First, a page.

Qatar against UAE Nuclear plant plans:
Qatar: UAE nuclear plant threat to Gulf stability, environment
In a letter to the IAEA, Doha urges the Vienna-based organisation to create a framework for regional nuclear security.
Qatar has said a nuclear plant under construction in the United Arab Emirates (UAE) poses a serious threat to regional stability and the environment.
In a letter to the International Atomic Energy Agency (IAEA), seen by Reuters news agency on Wednesday, Doha also called the Vienna-based organisation to create a framework for nuclear security in the Gulf.
Relations between Qatar and its neighbour are already strained after the UAE, Saudi Arabia, Egypt and Bahrain severed diplomatic, trade and transport ties with Doha in June 2017 over allegations that it supports “terrorism”, a charge Qatar denies.
In its letter, Qatar said that a radioactive plume from an accidental discharge could reach its capital in five to 13 hours and a radiation leak would have a devastating effect on the region’s water supply because of its reliance on desalination plants.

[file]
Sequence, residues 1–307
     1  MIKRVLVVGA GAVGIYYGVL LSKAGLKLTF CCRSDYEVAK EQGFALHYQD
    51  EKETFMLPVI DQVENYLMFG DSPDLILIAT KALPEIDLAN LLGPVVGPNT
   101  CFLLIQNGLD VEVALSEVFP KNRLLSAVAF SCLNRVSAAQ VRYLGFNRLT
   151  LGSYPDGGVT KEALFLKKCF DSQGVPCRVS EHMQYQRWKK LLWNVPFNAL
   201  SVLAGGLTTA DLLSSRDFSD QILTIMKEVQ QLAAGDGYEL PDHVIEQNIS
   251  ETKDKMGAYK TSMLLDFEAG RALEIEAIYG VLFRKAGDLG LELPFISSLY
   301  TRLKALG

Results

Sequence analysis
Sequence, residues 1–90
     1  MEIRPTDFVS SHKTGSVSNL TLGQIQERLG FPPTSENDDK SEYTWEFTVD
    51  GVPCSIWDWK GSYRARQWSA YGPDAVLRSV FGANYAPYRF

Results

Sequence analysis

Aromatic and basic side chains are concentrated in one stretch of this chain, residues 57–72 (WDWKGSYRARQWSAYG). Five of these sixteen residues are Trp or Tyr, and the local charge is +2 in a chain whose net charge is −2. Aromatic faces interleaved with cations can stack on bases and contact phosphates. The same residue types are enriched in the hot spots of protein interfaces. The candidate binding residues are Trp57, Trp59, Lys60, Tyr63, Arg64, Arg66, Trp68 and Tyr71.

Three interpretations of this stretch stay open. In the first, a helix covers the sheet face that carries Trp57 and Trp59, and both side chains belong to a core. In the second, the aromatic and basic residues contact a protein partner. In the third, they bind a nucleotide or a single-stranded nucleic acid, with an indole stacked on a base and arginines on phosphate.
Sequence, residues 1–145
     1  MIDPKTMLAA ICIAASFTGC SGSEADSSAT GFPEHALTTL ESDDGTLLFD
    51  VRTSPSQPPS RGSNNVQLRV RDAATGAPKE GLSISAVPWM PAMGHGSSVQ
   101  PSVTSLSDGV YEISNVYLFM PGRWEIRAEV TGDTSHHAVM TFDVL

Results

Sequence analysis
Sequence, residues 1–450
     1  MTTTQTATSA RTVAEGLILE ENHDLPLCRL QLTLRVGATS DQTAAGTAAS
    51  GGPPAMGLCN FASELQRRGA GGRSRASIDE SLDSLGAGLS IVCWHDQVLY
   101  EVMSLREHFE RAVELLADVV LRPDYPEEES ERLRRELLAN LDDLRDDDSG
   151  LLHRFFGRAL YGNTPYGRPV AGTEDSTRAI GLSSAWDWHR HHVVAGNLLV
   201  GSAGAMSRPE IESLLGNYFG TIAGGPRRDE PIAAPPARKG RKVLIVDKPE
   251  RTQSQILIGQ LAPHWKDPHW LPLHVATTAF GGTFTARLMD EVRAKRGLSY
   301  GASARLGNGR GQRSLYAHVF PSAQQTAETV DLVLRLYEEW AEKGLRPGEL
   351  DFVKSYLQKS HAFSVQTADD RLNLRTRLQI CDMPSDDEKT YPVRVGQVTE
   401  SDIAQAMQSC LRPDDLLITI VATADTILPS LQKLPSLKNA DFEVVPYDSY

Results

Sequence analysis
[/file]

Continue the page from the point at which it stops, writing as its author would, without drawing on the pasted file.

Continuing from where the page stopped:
The plant is located in the emirate of Abu Dhabi.
“Qatar believes that the lack of any international co-operation with neighbouring states regarding disaster planning, health and safety and the protection of the environment pose a serious treat to the stability of the region and its environment,” the letter from Qatar’s foreign affairs ministry to IAEA Director General Yukiya Amano said.
Qatar also said that the technology is relatively untested as there is only one other commercial reactor of this type in operation in South Korea.
The UAE said on Wednesday that its nuclear energy programme conforms to IAEA standards and international best practices.
“The United Arab Emirates … adheres to its commitment to the highest standards of nuclear safety, security and non-proliferation,” Hamad al-Kaabi, the UAE’s permanent representative to the IAEA, said in a statement to Reuters.
He added that Barakah, which was originally set to come online in 2017, was now expected to begin operations by 2020.
Qatar said regional concerns about nuclear safety will be amplified when the Saudi Arabian civil nuclear programme comes on stream.
The kingdom is considering building 17.6 gigawatts (GW) of nuclear capacity by 2032, the equivalent of about 17 reactors, making it one of the biggest projects globally.
There was no immediate comment by the IAEA.
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